Linux > More on USER ID, Password, and Group management

Posted on in Categories FAQ, Howto, Linux, UNIX last updated January 4, 2007

In order login into Linux system (over ssh or other services ) you need a username and password.
Username and password stored in /etc/passwd and /etc/shadow file respectively. When you supplies password, it encrypts and compare with password stored in /etc/shadow, which is also in, encrypted format (it was stored when you or system administrator registers/updates it). If both are equal, you are in. Once logged in, you become the number to Linux kernel. You can obtain your user id and other information using id command:

$ id
uid=1002(vivek) gid=1002(vivek) groups=1002(vivek), 0(wheel)

Where,
=> Username = vivek
=> User numeric id (uid) = 1002

Numbers are uses to represent users and groups in Linux kernel because:
1) Simplified user and group management
2) Security management easy
3) Your UID applied to all files you create

It is always good idea to use the UID more than 1000 for all users for security reason.

Zero UID

The UID number 0 is special and used by the root user. The zero (0) UID enjoys the unrestricted/unlimited access to Linux system. Note that 0 UID assigned to name root; if you wish you can change this (poorly written program may fail) and assign different name.

Similarly, you have group id (GID). It is use by Linux to refer group names. Single user can be member of multiple groups. This result into very good flexibility for access the system and the sharing files. Many UNIX system uses wheel group as power user group. Like the UID value, zero GID value zero enjoys the unrestricted/unlimited access to Linux system.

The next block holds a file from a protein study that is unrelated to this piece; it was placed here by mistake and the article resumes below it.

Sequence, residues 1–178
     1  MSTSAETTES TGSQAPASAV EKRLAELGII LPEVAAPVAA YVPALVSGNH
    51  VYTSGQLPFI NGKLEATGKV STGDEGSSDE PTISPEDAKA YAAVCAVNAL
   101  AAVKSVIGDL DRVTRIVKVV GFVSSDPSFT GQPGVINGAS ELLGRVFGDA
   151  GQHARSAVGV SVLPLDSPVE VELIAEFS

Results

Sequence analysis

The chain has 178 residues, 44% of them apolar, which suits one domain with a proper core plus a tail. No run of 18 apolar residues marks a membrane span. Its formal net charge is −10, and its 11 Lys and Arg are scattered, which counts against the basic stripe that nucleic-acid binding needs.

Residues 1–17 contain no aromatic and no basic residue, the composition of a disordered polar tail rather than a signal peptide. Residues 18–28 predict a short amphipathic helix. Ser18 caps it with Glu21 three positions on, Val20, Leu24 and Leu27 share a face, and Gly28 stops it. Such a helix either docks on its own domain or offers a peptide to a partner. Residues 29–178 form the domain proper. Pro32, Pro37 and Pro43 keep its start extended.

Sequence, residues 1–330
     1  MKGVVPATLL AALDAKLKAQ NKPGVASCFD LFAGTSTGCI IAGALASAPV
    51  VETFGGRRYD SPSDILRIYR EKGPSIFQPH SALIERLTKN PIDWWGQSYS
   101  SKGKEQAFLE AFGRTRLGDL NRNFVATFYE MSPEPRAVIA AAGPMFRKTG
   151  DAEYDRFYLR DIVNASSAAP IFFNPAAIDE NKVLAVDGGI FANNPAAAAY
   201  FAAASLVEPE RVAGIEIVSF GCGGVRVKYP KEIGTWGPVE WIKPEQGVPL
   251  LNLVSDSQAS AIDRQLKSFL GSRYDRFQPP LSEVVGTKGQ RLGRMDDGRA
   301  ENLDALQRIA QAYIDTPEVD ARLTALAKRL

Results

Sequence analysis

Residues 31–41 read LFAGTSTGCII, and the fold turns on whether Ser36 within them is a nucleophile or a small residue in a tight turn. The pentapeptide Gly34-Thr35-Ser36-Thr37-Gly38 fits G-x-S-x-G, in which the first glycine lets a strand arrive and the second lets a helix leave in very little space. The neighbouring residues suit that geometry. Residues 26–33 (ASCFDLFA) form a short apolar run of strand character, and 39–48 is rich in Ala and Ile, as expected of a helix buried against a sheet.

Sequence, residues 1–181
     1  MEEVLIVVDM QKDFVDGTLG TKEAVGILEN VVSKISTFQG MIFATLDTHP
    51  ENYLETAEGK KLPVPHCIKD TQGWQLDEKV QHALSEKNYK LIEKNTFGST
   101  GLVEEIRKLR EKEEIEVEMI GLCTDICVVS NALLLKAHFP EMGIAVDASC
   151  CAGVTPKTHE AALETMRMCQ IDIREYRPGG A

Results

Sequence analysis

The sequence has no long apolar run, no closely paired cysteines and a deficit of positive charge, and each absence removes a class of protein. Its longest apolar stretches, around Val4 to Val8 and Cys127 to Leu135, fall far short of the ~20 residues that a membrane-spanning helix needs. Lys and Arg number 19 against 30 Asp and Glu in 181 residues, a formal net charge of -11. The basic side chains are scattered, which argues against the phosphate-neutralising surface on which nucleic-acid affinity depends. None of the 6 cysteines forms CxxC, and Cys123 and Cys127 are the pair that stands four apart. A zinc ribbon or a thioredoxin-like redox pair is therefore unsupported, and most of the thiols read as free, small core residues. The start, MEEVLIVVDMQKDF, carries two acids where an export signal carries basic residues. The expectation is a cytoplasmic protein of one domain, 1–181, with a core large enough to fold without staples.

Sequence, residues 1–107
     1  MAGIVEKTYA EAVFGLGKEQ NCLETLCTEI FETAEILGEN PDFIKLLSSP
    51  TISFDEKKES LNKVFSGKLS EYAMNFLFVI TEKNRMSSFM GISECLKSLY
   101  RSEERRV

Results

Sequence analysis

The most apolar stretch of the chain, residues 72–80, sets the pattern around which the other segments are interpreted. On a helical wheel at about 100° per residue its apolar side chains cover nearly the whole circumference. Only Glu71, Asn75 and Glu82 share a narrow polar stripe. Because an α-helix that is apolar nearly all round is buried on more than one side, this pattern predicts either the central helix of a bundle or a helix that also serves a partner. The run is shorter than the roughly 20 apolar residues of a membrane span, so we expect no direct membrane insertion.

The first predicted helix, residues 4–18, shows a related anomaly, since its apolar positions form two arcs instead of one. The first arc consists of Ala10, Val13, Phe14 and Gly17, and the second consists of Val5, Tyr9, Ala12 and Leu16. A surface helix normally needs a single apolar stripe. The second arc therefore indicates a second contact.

Some time Linux and other UNIX like (FreeBSD, Solaris etc) uses EUID, RUID, and SUID concept.

The Effective User ID (EUID)

It is use to determine what level of access the current process has. When EUID is zero then the process has unrestricted/unlimited access. Following commands can be used to print Effective User ID under Linux:
$ whoami
$ id -un

The Real User ID (RUID):

It is use to identify who you actually are. Once it is setup by system (usually login program) it cannot be change till your session terminates. You cannot change your RUID. Only root (or person having zero UID) can change the RUID. Use the command id as follows to obtain Real user ID:
$ id –ru

The Saved User ID (SUID):

When new process / executable file such as passwd, started the effective user id that is in force at the time is copied to the saved user id. Because of this feature, you are able to update your own password stored in /etc/shadow file. Off course, executable file must have set-user-id bit on in order to setuid (system call). Before process ending itself it switches back to SUID.

In short,

  • RUID : Identify the real user, normal user cannot change it.